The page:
With a rapidly rising adviser levy, and decades of often-icy water under the bridge, financial planners and the corporate regulator don’t always see eye to eye. But ASIC’s lawsuit against retail investment platform eToro for alleged breaches of Design and Distribution Obligations will likely be cheered on by many within the profession.
ASIC on Thursday announced it had commenced proceedings in the Federal Court against eToro’s Australian arm, regarding its contracts for difference (CFD) product. The suit will allege eToro’s specified target market under DDO was “far too broad for such a high-risk and volatile trading product”.
A note in the fine print of eToro’s website disclosing that the vast majority (77 per cent) of retail investors lose money when trading CFDs did little to deter consumers from trying their hand at the complex derivatives. Almost 20,000 of eToro’s clients – many of whom are understood to be young and inexperienced investors – lost money trading CFDs since October 2021, ASIC alleges.
For the uninitiated, eToro is a global behemoth. Since opening its doors in 2007, the Israel-based platform claims to have onboarded about 20 million users around the world, giving them access to equities, derivatives and crypto assets. In Australia, it has come to prominence as an enthusiastic sponsor of sports codes, including a three-year naming rights deal with Rugby Australia and the Wallabies inked in 2021.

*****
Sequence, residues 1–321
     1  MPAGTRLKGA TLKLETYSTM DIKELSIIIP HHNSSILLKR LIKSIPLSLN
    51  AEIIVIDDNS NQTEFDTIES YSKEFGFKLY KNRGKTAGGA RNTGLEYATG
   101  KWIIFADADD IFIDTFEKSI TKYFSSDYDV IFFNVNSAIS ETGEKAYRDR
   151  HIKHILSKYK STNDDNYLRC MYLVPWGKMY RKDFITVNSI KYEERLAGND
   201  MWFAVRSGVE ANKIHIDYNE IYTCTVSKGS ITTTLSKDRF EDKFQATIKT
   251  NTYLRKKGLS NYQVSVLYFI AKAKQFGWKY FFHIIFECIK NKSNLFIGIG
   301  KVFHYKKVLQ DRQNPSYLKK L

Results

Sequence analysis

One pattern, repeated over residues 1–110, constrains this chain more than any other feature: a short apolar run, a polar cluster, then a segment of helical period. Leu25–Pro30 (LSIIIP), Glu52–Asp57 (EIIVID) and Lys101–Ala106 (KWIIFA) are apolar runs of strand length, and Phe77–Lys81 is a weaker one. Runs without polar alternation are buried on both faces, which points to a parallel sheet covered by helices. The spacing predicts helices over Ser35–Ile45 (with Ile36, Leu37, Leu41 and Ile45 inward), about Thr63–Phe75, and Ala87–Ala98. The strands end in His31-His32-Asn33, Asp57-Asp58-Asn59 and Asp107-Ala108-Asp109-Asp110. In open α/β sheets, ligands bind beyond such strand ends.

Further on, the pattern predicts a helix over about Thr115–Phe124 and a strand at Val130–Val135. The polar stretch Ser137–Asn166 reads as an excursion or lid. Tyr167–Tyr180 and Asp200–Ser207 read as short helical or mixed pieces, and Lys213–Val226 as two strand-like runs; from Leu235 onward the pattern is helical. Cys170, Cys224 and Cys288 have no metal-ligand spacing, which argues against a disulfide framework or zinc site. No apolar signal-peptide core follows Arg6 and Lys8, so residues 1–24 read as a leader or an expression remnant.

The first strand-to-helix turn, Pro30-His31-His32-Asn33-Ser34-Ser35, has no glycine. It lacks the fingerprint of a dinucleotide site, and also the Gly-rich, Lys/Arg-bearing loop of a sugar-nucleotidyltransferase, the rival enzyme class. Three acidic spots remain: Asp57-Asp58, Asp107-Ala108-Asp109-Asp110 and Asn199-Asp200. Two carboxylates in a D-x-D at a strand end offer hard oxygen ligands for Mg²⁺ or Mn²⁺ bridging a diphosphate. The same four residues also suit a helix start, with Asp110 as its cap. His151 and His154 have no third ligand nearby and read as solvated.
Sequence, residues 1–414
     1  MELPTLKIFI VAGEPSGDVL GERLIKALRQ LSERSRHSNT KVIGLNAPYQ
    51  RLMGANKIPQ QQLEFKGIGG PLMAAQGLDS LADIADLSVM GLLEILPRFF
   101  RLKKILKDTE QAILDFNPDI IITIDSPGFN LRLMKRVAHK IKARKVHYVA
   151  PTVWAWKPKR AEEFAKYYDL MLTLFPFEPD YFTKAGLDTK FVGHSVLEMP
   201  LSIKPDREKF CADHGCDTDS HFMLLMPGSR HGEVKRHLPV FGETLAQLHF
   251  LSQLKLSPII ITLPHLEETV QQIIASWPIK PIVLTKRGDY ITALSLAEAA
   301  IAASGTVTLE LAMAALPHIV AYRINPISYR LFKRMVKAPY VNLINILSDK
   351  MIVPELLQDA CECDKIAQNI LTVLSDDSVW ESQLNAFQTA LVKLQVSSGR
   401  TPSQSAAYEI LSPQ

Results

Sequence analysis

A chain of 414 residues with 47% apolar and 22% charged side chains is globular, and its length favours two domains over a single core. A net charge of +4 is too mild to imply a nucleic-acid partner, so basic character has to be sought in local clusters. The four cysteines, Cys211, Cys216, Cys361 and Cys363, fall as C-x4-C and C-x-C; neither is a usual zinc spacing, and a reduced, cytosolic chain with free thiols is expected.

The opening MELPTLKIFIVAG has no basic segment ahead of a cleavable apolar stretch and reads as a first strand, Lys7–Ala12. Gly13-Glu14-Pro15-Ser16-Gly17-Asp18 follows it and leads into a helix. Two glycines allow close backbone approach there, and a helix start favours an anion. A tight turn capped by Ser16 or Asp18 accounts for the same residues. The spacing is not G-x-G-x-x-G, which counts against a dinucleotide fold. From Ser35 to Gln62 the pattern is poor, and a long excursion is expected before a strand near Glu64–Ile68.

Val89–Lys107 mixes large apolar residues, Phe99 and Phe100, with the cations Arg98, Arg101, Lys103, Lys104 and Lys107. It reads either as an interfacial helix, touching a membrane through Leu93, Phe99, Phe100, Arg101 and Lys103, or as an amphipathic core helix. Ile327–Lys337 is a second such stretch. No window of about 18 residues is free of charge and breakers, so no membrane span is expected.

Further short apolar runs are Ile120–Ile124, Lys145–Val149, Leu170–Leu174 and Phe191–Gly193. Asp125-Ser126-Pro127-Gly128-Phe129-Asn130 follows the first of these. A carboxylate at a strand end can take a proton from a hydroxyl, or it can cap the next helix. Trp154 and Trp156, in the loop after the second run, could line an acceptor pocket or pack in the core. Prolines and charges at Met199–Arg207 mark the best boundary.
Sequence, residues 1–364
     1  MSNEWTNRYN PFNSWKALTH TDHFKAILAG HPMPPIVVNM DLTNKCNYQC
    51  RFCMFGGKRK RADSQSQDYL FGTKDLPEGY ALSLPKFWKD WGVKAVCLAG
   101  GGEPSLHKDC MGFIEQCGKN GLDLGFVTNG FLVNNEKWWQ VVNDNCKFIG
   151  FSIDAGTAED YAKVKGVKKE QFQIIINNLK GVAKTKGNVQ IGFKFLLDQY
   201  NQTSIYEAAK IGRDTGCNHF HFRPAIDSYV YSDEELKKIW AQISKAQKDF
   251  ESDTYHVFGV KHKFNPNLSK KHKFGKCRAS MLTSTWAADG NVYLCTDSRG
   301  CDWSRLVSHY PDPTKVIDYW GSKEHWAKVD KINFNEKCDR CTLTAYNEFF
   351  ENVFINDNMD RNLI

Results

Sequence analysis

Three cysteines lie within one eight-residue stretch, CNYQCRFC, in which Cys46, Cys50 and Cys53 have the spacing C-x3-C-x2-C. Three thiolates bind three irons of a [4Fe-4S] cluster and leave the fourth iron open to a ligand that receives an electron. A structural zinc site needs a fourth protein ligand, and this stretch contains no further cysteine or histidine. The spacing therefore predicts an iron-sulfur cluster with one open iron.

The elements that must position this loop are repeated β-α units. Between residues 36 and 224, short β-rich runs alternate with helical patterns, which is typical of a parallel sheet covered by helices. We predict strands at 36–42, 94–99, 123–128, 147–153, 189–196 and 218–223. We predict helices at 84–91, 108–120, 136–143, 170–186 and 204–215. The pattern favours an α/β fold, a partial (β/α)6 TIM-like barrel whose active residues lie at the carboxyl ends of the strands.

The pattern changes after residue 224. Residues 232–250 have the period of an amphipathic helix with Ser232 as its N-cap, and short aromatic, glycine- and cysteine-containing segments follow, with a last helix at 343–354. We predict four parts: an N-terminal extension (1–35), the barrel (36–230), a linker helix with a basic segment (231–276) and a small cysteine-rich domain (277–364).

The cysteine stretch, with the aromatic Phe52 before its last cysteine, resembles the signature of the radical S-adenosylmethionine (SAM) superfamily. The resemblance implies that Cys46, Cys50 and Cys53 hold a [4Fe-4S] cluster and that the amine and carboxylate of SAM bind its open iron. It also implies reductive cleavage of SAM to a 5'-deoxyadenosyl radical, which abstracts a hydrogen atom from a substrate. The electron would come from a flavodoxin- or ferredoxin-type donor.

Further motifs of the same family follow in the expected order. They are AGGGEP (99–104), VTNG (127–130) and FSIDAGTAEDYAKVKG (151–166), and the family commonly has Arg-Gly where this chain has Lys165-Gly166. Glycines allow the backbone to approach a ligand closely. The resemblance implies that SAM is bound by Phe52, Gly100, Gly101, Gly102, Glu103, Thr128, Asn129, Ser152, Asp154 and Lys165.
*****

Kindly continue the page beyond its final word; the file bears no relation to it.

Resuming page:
ASIC deserves some credit for having the chutzpah to take on a global tech unicorn. It comes as part of the regulator’s broader action on CFDs, banning the sale of binary options two years ago.
Some advisers may well choose to include CFDs – which turbocharge market gains and losses – within a well-diversified and professionally advised portfolio, especially for wholesale and sophisticated clients. But many others have warned that these products are hardly ever appropriate for regular retail investors, and certainly not in the trading volumes the regulator has been witnessing. Indeed, a Federal Court judge previously likened CFDs to a “financial heroin hit”, the implication being that while they might make you feel temporarily euphoric, they can also destroy lives.
Even more worryingly, this editor suspects many of the consumers trading CFDs may mistakenly believe they are trading equities, even where the relevant disclaimers and disclosures are present, further exemplifying why disclosure (like with long Statements of Advice) are not an effective form of consumer protection.
Warning the general public about the risks attached to popular but arguably dangerous financial products like CFDs is an example of where the profession can lean into an important social role.
But more broadly, this lawsuit is emblematic of the bigger cultural trend that has seen millions of mostly Millennial and Gen Z consumers rush to DIY trading platforms since the start of the pandemic.
Known as the “Robinhood phenomenon” after the infamous US trading app, many financial professionals, including advisers, were sceptical from the start. On social media, some warned that the rush to participate in the stimulus-fuelled and wild pandemic markets would end in tears.